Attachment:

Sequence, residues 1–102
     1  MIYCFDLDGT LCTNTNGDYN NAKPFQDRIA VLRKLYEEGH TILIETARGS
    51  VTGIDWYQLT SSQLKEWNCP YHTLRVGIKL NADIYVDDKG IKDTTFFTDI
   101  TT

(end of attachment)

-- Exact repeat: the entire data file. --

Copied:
Sequence, residues 1–102
     1  MIYCFDLDGT LCTNTNGDYN NAKPFQDRIA VLRKLYEEGH TILIETARGS
    51  VTGIDWYQLT SSQLKEWNCP YHTLRVGIKL NADIYVDDKG IKDTTFFTDI
   101  TT